Using metabolomics to look at finished beef

by Sonja Heyck-Merlin

“Oftentimes, we hear that there is a relationship that healthy soils equals healthy plants equals healthy humans or animals. While that intuitively makes sense, and there’s certainly pockets of literature in their respective fields to suggest that is the case, there has been a lack of systems research that tries to tie it all together,” said Dr. Stephan van Vliet at the 2022 New England Pasture Consortium annual meeting. Van Vliet is an assistant professor at the Center for Nutrition Studies at Utah State University.

“I have a particular interest in systems research and understanding linkages between plant, animal and human health and even soil health,” he added.

One of van Vliet’s research projects focused on comparing nutrient density of meat from two different livestock systems: beef finished on a corn-based total mixed ration and beef finished on biodiverse pastures. The research was funded by a Sustainable Agriculture Research and Education grant titled “Southern Pasture-Raised Beef: From Farm to Table to Us.” Collaborators were the Duke University School of Medicine, North Carolina State University and Utah State.

The research involved collecting soil, forages and meat (ground beef) from the two farms. He then profiled several hundreds of nutrients from the samples using a mass spectrometer, which simultaneously measures a large number of unique compounds in foods. Each compound is referred to as a metabolite and this research technique is called metabolomics. Next, he analyzed the data with specialized computer software to examine if there was a relationship between the nutrients of the soil, the plants and the animals.

According to van Vliet, humans tend to simplify things, including agricultural systems, which often include only a single species of plant requiring significant external inputs. In contrast, pasture-based systems involve greater biodiversity and the recycling of nutrients. His interest in the sustainability of pasture-based systems, combined with his quest to scientifically understand the role of red meat in human health, drives van Vliet’s research. “Essentially, we’re getting after the very simple question: Do more sustainable practices improve health along a continuum all the way up to human health?” he said.

Using metabolomics to look at finished beef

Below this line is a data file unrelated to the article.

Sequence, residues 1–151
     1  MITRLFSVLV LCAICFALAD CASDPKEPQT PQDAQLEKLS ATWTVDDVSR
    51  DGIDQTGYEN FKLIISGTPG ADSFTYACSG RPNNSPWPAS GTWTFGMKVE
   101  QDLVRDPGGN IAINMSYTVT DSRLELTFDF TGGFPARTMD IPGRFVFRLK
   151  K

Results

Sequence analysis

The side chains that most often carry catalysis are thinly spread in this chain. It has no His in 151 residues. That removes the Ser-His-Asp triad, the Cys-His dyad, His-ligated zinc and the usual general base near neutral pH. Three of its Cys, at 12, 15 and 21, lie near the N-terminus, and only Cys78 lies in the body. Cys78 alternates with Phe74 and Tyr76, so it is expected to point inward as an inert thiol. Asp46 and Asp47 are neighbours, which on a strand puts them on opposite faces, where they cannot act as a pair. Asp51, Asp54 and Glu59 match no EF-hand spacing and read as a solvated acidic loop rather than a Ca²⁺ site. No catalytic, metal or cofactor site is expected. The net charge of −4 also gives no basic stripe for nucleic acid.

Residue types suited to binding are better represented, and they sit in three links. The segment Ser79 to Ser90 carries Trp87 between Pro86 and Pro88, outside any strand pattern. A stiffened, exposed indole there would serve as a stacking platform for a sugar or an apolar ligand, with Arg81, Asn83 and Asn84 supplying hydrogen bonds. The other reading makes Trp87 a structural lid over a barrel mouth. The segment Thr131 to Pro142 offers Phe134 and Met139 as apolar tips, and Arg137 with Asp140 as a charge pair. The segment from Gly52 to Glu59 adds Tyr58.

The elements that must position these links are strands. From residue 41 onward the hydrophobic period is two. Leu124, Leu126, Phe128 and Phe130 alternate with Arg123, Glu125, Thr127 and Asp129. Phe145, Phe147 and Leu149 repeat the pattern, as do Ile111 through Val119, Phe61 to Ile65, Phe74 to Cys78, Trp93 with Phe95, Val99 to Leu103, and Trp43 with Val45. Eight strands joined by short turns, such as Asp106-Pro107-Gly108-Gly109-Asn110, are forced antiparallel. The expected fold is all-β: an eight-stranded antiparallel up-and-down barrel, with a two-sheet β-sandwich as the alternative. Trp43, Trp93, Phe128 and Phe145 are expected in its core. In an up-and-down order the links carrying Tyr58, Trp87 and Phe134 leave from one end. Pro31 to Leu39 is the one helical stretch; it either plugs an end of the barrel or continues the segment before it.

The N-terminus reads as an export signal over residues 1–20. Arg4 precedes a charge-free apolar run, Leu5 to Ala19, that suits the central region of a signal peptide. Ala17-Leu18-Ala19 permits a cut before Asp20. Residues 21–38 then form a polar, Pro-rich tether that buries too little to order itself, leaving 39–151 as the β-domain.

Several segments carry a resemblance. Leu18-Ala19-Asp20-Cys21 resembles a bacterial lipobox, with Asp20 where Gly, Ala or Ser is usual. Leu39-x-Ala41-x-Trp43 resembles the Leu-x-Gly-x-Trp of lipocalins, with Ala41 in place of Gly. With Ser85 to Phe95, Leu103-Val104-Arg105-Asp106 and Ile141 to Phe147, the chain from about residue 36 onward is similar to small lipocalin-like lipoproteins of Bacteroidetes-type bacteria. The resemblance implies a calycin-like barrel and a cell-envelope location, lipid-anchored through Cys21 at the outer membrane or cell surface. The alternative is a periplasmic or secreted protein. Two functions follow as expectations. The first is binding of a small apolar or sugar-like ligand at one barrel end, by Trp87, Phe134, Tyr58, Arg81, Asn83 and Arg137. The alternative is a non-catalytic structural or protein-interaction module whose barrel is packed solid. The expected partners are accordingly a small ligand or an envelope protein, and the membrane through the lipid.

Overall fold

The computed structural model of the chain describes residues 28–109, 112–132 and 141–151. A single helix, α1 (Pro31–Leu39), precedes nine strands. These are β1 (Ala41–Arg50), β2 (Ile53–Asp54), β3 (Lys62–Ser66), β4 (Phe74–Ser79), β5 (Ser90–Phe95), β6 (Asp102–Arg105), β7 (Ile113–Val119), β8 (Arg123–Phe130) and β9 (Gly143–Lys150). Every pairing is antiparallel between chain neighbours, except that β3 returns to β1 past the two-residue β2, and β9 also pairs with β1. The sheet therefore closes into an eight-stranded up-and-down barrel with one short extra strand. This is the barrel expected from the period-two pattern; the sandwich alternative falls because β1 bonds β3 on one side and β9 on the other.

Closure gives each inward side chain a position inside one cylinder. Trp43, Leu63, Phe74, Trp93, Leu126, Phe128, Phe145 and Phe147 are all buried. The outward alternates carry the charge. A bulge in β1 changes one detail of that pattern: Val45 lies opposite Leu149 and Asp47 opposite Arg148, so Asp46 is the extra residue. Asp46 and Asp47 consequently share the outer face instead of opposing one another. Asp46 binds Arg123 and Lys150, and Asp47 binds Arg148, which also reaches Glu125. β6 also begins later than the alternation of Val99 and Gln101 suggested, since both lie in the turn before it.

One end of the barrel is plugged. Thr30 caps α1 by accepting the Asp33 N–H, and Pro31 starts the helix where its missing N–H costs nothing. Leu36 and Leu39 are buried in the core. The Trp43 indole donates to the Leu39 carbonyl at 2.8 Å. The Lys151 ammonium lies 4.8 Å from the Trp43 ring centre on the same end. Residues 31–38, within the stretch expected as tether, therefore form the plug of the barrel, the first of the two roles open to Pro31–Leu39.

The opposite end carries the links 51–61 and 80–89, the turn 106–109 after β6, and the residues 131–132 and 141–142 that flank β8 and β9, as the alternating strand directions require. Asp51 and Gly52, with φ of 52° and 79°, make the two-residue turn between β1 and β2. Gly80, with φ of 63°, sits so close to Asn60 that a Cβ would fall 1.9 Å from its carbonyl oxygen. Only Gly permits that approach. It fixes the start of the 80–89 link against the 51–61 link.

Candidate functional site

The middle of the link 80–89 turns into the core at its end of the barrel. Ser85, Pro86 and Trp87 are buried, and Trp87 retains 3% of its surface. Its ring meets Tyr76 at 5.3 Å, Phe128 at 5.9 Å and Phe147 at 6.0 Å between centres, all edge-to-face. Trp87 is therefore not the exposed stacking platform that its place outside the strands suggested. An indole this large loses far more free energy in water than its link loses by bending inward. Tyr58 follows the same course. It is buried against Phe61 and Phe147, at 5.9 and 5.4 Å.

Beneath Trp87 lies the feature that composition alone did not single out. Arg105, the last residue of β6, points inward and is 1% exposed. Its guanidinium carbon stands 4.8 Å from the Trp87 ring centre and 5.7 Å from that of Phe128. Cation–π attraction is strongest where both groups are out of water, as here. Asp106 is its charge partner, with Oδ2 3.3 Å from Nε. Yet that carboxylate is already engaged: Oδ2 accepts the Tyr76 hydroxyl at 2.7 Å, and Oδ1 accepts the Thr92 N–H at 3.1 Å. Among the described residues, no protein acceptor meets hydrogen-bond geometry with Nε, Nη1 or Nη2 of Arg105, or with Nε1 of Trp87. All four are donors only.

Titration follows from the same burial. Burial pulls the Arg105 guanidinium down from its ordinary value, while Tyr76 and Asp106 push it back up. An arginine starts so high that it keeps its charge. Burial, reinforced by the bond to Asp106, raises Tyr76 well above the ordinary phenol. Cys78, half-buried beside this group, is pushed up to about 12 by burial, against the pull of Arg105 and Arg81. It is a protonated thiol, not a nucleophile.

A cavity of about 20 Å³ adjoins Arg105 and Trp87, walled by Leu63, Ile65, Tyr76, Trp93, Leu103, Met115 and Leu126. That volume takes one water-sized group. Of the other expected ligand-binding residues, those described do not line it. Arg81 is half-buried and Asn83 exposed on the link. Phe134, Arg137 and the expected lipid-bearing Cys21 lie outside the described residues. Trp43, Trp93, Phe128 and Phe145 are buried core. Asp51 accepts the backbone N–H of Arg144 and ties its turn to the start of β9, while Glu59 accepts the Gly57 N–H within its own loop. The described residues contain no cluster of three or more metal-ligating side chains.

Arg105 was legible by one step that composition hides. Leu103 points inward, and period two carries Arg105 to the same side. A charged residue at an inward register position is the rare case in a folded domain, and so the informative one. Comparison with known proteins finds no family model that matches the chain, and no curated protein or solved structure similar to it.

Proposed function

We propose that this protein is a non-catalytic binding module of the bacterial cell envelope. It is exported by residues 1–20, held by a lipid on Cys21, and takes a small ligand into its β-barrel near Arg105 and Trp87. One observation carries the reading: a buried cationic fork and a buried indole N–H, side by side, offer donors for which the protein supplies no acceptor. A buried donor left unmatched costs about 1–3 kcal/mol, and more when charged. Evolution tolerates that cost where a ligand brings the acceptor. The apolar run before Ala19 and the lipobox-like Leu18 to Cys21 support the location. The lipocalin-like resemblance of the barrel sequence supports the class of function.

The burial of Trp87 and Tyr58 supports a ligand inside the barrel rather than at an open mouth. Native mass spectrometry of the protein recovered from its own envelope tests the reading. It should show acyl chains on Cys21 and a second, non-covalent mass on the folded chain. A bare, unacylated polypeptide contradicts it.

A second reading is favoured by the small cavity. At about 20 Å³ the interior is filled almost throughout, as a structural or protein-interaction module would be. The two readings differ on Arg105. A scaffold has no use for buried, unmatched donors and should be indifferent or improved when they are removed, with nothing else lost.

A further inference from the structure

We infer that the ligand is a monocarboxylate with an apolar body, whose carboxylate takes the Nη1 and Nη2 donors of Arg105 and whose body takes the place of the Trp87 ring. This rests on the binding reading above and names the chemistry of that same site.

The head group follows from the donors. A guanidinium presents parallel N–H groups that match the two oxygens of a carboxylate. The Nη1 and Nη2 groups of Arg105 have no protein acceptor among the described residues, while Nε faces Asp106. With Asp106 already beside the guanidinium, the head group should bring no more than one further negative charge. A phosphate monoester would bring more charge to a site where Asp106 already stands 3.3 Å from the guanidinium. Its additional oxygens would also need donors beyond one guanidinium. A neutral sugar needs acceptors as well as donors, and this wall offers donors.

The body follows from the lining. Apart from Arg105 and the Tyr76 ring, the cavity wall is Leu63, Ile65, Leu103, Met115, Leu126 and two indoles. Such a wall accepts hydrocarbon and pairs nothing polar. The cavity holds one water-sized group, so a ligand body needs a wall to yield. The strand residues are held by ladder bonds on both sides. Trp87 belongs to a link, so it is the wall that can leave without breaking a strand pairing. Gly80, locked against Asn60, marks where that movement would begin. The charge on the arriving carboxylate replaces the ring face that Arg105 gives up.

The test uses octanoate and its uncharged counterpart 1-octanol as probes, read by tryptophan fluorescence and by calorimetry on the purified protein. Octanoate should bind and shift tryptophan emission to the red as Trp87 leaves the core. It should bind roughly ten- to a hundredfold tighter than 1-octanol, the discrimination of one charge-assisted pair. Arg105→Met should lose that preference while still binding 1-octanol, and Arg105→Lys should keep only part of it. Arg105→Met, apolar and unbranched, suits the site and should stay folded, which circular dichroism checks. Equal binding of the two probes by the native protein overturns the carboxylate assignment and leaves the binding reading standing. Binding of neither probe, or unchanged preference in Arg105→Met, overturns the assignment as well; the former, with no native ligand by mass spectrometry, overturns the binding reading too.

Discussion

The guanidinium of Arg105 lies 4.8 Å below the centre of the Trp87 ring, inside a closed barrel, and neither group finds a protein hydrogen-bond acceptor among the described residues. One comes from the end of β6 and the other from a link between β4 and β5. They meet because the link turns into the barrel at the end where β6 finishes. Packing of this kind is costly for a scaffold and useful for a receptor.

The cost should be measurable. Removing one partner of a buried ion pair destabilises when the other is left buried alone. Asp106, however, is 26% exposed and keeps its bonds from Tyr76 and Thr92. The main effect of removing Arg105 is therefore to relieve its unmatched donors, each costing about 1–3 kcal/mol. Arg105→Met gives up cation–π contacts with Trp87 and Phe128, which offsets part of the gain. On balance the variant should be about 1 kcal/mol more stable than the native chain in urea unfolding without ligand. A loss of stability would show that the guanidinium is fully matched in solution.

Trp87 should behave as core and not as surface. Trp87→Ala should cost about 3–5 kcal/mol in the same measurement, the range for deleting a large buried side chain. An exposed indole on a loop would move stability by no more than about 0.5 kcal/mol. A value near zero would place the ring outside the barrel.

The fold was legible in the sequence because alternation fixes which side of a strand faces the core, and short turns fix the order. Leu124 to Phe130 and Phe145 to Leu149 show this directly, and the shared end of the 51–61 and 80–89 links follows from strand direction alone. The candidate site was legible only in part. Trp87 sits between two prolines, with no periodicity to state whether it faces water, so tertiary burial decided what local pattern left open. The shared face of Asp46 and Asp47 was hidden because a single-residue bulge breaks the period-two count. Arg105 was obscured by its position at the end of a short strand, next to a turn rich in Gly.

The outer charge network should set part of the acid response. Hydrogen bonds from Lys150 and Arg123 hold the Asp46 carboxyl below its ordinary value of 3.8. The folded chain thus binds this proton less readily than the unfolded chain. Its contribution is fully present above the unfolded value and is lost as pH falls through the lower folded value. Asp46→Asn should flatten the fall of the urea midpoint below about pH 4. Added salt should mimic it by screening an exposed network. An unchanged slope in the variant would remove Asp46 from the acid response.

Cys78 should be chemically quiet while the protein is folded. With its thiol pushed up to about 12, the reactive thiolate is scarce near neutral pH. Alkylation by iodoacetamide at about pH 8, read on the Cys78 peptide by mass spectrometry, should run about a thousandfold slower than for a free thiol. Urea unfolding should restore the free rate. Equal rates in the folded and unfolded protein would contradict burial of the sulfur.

Dr. Stephan van Vliet

The connection between grazing and higher omega-3 fatty acids is well established. Oftentimes, van Vliet said, it’s thought that this is the only difference between grain-fed and grass-fed meat. The food matrix, however, contains hundreds of bioactive compounds that can potentially impact human health. This research project involved 500 metabolites, but the top 30 ranking biochemicals that separated grass- and grain-fed beef were vitamin metabolites, phytochemical metabolites and lipid metabolites.

In terms of vitamins, one of the research findings was that niacin, the main form of vitamin B3 in foods, was nine-fold higher in grass-fed beef. Niacin is known to help promote healthy nervous and digestive systems and healthy skin.

Phytochemical metabolites were also higher in the grass-fed meat. Phytochemicals are plant-derived compounds. “The phytochemicals are picked up from forage and directly transferred into the meat and milk of animals,” van Vliet said. According to van Vliet, phytochemicals are potentially anti-inflammatory, antibacterial, antioxidant and some work suggests they may help with the management of chronic disease. He said, however, that future work is needed to determine if the presence of these compounds in grass-fed beef has an appreciable impact on human health.

In his lipid analysis, van Vliet found that various long-chain saturated fatty acids were enriched in grass-fed beef. These fatty acids, unlike most saturated fats, are associated with a decreased risk of heart disease and cancer, according to van Vliet. His work also found beneficial effects on metabolic health of animals, as the grass-fed animals had improved mitochondrial function (meaning more energy created in the cells).

Van Vliet stressed that the data do not indicate that grain-finished beef is unhealthy; it’s simply indicative that additional health-promoting compounds are accumulated in animals finished on biodiverse pastures. Furthermore, feeding a more phytochemically-rich forage, such as alfalfa, in feedlot systems can help reduce the gap of these compounds that exists between grain- and grass-finished livestock.

“To simplify, what we typically see in our work so far is that the nutrient density of meat is improved when animals have access to biodiverse and phytochemically-rich forage,” van Vliet said.

Testing of these metabolites is available through the Beef Nutrient Density Project, which is a collaboration with the Bionutrient Institute. Van Vliet encourages farmers who want their soil, plants and beef tested to sign up at bionutrientinstitute.org/beef.

“It will give farmers more insight into how their production practices impact beef nutrient density, and it will help the scientific field to better understand the relationship between various ecoregions and production systems and how they impact beef quality and nutrition,” van Vliet said.

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